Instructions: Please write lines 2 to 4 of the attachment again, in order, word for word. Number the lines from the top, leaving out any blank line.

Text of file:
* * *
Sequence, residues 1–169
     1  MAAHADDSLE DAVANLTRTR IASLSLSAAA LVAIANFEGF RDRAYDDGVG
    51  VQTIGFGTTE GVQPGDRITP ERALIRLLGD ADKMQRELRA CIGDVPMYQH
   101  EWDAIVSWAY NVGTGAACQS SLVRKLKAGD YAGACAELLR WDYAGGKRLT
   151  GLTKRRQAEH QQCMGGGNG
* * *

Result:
     1  MAAHADDSLE DAVANLTRTR IASLSLSAAA LVAIANFEGF RDRAYDDGVG
    51  VQTIGFGTTE GVQPGDRITP ERALIRLLGD ADKMQRELRA CIGDVPMYQH
   101  EWDAIVSWAY NVGTGAACQS SLVRKLKAGD YAGACAELLR WDYAGGKRLT